Creating an unprecedented event, Cubans took to the streets in droves to protest against the regime. They will not bring down the government, but at least they will demonstrate that even in the communist island the power of the state is not unlimited, wants to believe this journalist published by Connectas, a platform orchestrating a collaboration between the media of Latin America.
In Cuba, certain political principles have been rehashed so much that everyone knows them. Starting with the one who postulates that “the street belongs to revolutionaries”.
On the island, politics – and the tranquility of the individual – boil down to one formula: to be or not to be revolutionary. As with Hamlet, it’s all or nothing. For those in power, this means that either we are for the government or we are against it. They are the revolution: they are his heirs and the only ones who have the truth in the matter.
On July 11, 2021, when thousands of people took to the streets to demonstrate in all provinces of the country, something remarkable and unprecedented happened in sixty years. What was fundamental in this event was not so much what it could imply for the future as the fact in itself: that the people take to the streets and occupy a sacred public space, the exclusive property of “ revolutionaries ”.
Around noon that Sunday, videos of the protests in San Antonio de los Baños began circulating on social media, a small town southwest of the capital in the hinterland. From the park, the protesters gathered in front of the headquarters of the Communist Party [PCC, the sole ruling party] and that of the local government. They arrived by bicycle, electric scooter or on foot. They all knew each other and shared the same demands, marching through shouts of “How much longer?”, “There are no drugs, no vaccines”, “Down with the government”, and “Freedom”.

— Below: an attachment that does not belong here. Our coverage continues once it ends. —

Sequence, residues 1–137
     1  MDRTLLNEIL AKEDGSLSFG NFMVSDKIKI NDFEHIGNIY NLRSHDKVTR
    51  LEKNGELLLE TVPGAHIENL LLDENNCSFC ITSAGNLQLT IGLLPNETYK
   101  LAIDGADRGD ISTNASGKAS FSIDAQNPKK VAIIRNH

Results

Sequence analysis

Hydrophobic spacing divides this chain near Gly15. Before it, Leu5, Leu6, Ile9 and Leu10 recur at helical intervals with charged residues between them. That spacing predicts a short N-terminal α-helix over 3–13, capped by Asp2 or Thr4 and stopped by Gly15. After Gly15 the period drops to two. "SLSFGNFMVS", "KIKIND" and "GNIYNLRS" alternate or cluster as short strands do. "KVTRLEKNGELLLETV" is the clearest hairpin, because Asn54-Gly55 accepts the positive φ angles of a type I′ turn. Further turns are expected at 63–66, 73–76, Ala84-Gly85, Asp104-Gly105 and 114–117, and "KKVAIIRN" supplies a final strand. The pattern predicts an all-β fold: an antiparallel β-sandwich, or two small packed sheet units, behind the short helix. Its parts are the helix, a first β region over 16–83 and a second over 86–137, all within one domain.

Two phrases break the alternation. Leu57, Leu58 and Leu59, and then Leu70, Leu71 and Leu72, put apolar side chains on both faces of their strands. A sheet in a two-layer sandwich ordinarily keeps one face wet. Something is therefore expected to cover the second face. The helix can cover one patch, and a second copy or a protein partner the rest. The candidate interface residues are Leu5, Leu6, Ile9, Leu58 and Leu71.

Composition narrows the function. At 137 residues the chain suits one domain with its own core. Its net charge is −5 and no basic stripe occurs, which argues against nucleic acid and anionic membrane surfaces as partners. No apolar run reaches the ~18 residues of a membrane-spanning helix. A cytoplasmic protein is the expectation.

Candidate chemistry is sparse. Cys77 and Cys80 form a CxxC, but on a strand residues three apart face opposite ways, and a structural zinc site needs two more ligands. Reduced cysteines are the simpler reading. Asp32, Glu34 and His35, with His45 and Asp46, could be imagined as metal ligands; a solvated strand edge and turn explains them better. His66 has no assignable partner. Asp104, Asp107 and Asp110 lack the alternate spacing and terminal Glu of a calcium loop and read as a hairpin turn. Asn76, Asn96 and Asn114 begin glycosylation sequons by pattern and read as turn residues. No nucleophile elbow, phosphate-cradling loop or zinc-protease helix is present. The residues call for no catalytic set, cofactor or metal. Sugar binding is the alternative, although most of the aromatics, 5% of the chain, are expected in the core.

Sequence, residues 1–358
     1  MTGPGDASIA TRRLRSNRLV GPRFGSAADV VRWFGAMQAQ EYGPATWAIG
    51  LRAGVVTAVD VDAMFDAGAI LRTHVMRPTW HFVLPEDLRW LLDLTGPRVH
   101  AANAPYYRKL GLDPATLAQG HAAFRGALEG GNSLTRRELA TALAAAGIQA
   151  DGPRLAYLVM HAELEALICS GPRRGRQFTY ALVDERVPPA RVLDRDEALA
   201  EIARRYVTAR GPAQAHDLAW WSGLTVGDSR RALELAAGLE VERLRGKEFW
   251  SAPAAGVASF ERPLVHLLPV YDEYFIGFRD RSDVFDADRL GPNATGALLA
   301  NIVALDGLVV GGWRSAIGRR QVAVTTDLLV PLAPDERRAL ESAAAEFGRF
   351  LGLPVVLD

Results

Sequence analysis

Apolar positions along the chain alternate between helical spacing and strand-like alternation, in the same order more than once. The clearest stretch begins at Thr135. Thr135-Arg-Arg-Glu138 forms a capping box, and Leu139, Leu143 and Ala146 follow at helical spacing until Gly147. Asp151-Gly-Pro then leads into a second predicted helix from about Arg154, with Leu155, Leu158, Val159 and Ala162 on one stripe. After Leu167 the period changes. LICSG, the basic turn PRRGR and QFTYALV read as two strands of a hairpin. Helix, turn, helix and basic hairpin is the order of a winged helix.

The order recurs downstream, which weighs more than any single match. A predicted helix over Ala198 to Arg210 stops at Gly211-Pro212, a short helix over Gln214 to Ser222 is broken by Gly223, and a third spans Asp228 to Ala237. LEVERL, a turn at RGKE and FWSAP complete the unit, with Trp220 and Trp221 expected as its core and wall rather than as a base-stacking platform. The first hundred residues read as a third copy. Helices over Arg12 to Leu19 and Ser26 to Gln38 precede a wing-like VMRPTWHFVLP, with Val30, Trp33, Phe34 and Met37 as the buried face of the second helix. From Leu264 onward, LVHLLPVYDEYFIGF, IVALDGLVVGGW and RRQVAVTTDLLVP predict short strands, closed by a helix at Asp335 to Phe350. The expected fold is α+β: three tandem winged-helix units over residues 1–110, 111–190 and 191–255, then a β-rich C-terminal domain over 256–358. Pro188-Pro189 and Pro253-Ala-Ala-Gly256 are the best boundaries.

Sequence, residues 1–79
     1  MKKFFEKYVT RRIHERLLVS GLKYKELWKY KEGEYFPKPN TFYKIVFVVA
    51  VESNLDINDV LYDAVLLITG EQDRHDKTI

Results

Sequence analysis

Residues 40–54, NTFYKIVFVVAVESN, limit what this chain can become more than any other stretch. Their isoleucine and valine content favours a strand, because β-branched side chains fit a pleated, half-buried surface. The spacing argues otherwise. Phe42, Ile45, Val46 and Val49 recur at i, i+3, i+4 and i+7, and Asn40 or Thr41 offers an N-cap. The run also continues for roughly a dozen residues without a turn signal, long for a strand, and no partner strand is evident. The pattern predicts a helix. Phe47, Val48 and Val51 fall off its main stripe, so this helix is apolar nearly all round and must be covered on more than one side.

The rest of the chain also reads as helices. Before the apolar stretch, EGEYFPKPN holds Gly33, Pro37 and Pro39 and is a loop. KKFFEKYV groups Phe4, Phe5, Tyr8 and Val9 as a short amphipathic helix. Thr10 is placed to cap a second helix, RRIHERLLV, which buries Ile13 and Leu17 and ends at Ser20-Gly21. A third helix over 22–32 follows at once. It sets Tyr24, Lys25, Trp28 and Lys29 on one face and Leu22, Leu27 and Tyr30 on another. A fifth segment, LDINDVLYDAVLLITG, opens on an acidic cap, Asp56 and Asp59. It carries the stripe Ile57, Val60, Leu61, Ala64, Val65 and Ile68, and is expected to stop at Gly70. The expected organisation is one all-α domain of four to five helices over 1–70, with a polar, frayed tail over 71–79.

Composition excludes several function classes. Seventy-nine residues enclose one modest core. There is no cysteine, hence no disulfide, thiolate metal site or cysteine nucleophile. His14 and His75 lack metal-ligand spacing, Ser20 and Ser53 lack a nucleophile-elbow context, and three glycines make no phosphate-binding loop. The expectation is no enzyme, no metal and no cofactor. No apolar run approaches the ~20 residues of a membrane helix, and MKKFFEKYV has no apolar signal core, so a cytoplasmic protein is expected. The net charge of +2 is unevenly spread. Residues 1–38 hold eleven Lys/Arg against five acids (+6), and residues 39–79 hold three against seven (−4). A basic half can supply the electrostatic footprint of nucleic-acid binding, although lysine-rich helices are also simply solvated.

It is less by reaction than by the effect of accumulation that the country has come to this. Cuba is going through a deep economic crisis which has repercussions on political and social life. To make matters worse, a new wave of Covid-19 cases has worsened the health situation, although the first Latin American vaccine, Abdala [produced by the state pharmaceutical group BioCubaFarma, but not recognized by the WHO] , has just been approved [by the National Medicines Regulatory Authority (Cecmed)], that a second candidate, Soberana 02 [developed by the Finlay Institute], is in the process of being marketed, and that more than ‘one million Cubans have already been fully immunized.
The numbers speak for themselves: as of April 12, 2021, just over a year after the start of the pandemic, the island had 467 deaths and 87,385 positive cases. Barely three months later, on July 12, this toll was multiplied by 2.5, rising to 1,579 deaths and 224,914 reported cases. The situation is particularly alarming in the province of Matanzas, where Varadero, the country’s main tourist destination, is located, even if the Prime Minister assures that the resurgence of cases of contamination is not linked to tourists, mostly Russian, who continue. to flock to Cuba.
Cuban Twitter users launched the #SOSMatanzas campaign, mobilizing international influencers and personalities around this hashtag, including [Lebanese-American] Mia Khalifa, [Spanish singer] Alejandro Sanz, [singer Puerto Rican reggaeton] Daddy Yankee, [Spanish actor-director] Paco León, or Residente [singer of the Puerto Rican hip-hop duo] Calle